Falanghina’s preferred soils are chalky tuff formed from the ashy plumes of the region’s numerous volcanos which were active some 5,000 years ago and heavier calcareous clay soils. Often made from a field blend of both biotypes or simply blended, Luigi Moio, Professor of Science and Food Technologies at the University of Naples Federico II, characterizes Falanghina wines as lemon blossom, apple, pineapple, banana, pine needles, cloves and saline minerality. While many wines do show these characteristics, through intentionally lower pH you’ll also find wines with more tropical fruit like melon and those that are picked earlier with greener apple and pear flavors, lime and caraway seed.
The province of Benevento doesn’t lack for water. The area is alive with natural thermal springs and a network of underground rivers. In 2015 the region was subject to violent flash flooding when smaller tributaries fed the Calore River (known as the Beneventano) which flows north through the city of Benevento and then turns west at the northern base of mount Taburno before feeding in to the Volturno River of Telese Valley. The Calore caused damage to low lying vineyards and some losses of bottled wine at the Cantina Sociale di Solopaca among others.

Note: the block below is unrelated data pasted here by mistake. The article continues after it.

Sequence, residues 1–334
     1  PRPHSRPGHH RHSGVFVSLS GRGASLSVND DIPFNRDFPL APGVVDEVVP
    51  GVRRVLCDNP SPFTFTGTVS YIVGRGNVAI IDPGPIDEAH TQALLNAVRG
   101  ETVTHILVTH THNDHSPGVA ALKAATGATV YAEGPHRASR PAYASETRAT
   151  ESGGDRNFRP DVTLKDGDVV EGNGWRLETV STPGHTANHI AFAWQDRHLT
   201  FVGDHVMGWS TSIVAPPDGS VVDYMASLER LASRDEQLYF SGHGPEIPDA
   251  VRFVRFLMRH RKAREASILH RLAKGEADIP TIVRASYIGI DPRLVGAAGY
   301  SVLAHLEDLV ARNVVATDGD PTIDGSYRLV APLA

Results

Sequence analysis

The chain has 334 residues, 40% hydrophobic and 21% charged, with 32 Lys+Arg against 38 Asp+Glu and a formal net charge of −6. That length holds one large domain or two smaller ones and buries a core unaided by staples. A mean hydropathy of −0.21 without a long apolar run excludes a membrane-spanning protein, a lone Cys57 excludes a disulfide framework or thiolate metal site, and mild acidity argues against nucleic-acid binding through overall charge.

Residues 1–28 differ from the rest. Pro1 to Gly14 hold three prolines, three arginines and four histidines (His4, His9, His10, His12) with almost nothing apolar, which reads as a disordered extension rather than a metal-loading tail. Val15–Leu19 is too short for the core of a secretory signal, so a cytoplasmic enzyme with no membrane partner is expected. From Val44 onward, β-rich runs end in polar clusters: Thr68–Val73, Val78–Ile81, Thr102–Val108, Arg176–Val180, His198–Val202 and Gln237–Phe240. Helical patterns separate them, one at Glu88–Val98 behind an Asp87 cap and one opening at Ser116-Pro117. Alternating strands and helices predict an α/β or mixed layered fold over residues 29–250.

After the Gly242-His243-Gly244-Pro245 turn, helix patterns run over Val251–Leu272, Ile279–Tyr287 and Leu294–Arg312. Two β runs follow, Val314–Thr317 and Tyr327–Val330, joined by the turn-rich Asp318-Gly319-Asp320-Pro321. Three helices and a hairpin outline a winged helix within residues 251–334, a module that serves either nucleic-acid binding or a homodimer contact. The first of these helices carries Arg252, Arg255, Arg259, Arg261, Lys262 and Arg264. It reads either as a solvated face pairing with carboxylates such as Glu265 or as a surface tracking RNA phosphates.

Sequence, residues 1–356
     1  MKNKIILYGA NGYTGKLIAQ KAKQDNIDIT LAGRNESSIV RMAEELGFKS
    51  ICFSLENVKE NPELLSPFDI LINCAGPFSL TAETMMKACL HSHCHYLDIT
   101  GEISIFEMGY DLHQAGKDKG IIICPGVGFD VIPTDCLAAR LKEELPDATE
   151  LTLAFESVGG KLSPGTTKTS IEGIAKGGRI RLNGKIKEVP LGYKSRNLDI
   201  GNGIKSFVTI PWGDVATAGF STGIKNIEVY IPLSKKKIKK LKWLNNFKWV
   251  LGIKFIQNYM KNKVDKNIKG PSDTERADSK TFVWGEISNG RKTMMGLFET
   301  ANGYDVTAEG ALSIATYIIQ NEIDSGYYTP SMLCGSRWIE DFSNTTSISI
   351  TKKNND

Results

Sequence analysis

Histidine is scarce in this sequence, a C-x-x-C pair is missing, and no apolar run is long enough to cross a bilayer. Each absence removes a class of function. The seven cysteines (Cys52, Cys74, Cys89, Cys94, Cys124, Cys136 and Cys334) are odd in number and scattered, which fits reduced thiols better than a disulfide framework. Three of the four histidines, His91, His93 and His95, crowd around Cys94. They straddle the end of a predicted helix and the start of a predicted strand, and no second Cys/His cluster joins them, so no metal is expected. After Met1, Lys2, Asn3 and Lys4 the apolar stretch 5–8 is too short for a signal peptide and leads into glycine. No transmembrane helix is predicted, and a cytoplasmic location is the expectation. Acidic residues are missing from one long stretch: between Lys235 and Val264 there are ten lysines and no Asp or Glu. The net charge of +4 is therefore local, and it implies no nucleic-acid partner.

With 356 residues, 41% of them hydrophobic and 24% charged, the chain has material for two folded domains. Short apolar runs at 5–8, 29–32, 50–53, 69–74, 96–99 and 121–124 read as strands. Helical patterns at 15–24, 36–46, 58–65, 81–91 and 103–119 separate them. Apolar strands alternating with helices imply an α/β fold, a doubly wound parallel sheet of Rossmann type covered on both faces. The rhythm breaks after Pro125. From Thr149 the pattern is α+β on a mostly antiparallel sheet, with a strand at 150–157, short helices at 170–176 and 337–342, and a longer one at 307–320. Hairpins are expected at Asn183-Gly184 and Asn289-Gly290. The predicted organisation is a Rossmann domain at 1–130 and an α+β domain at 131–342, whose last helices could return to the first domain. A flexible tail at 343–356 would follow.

Sannio’s three co-operatives: la Cantina Sociale La Guardiense, la Cantina Sociale di Solopaca and la Cantina del Taburno produce 80 percent of the region’s wine with some truly exceptional bottlings but the Falanghina wines of smaller producers continue to capture the attention of buyers and writers including those who juried the 2017 Radici del Sud competition. Among them are several producers whose estates occupy unique sites and expositions within Benevento and in close proximity to Monte Taburno.
In Guardia Sanframondi at Terre Stregate winery, the Iacobucci family grows Falanghina and several other varieties in the chalky, clay soils of the Gaurdiesi hills on a low-pruned Guyot trellis. Winemaker Carlo Iacobucci and his daughter Filomena hosted a blind tasting of 42 Falanghina wines from the Sannio DOP of which their “Svelato” was among the top ten (see below).